View from my freshman dorm room

In coping with my homesickness and doubt, I was honest with my family about how I was feeling, which was the best thing I could have done. I knew that if I had acted as though everything was alright, I would have been detrimentally bottling up my negative emotions. I was fortunate in that my family not only sympathized with me, but encouraged me to give BU a try. They instilled me with confidence during this period of my life when my self-esteem wasn’t too high. They urged me to not give up on Boston so readily because I might end up liking the city. Deep down, I also knew that if I ended up giving up, I would probably regret the decision and be left thinking “what if?” for a very long time. 

In my endeavor to give Boston a try, I decided not to rely on family so much. During my first (and also subsequent weeks), I called my family nearly every day. Although keeping in touch with friends and relatives from back home was important, I realized that this constant communication was preventing me from getting to know my new environment. Therefore, I tried limiting myself to texting and making a few phone calls a week.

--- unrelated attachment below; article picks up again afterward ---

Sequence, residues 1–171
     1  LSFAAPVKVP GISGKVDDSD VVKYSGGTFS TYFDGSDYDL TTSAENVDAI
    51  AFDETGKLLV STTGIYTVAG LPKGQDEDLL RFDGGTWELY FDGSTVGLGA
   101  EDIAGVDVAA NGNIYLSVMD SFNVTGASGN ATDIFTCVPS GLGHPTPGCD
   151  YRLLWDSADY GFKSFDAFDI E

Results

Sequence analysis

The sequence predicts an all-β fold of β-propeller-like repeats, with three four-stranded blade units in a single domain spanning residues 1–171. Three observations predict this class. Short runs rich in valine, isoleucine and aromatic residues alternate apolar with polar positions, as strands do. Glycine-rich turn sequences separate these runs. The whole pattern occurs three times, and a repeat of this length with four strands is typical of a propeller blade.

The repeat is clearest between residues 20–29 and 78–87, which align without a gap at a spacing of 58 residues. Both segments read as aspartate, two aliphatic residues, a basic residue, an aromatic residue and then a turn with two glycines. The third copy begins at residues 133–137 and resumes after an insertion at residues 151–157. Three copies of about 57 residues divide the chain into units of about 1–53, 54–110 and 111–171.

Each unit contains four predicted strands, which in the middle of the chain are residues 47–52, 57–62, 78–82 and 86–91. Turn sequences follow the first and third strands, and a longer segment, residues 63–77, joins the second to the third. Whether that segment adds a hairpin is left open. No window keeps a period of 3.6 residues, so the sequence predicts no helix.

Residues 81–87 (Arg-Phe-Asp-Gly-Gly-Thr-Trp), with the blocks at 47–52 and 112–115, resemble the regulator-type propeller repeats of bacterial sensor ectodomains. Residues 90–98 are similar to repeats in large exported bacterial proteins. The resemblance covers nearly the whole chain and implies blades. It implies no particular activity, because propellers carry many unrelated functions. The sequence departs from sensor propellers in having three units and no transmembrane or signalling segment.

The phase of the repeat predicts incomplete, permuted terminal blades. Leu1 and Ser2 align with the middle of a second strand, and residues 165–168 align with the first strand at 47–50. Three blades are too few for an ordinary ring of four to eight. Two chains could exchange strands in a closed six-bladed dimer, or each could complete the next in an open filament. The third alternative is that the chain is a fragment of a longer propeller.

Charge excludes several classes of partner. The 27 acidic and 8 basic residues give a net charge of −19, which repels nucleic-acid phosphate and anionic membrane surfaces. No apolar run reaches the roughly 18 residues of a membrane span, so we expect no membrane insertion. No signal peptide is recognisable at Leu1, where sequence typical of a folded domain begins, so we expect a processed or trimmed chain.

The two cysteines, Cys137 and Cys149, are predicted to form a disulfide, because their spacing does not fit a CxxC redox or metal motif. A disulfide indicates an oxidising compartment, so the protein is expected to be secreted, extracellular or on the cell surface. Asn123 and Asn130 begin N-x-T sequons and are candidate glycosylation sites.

I also attempted to stop myself from being cooped up in my dorm room constantly. Being confined within that comfortable space heightened my feelings of loneliness and homesickness. So, I started taking walks, even if they were to nearby places, like to Brookline Booksmith (one of my favorite bookstores) or a coffee shop. Just going somewhere outside of my room helped immensely, whether it was doing homework in the lounge of my dorm, BU’s library or a coffee shop. These small steps made me start to feel more part of the community instead of a spectator. And this was only the beginning of my adjustment to life in a city after living my whole life in a small town, where my high school graduating class was smaller than some of my lectures at BU. 

Image credit: https://www.brooklinebooksmith.com/about 

Everyone’s experience with starting college is different. Some people face more homesickness than others and homesickness can be handled in various ways. Here are some websites that offer more tips on how to deal with feeling homesick: https://www.usnews.com/education/best-colleges/articles/how-to-handle-homesickness-in-college , https://www.hercampus.com/life/how-deal-homesickness-freshman-year/


By: Monica Manzo

Monica Manzo recently completed her undergraduate studies at Boston University where she majored in English and minored in History. Currently, she is planning on applying for some masters programs in publishing. In her free time, she can be found either reading or adding to her pile of unread books.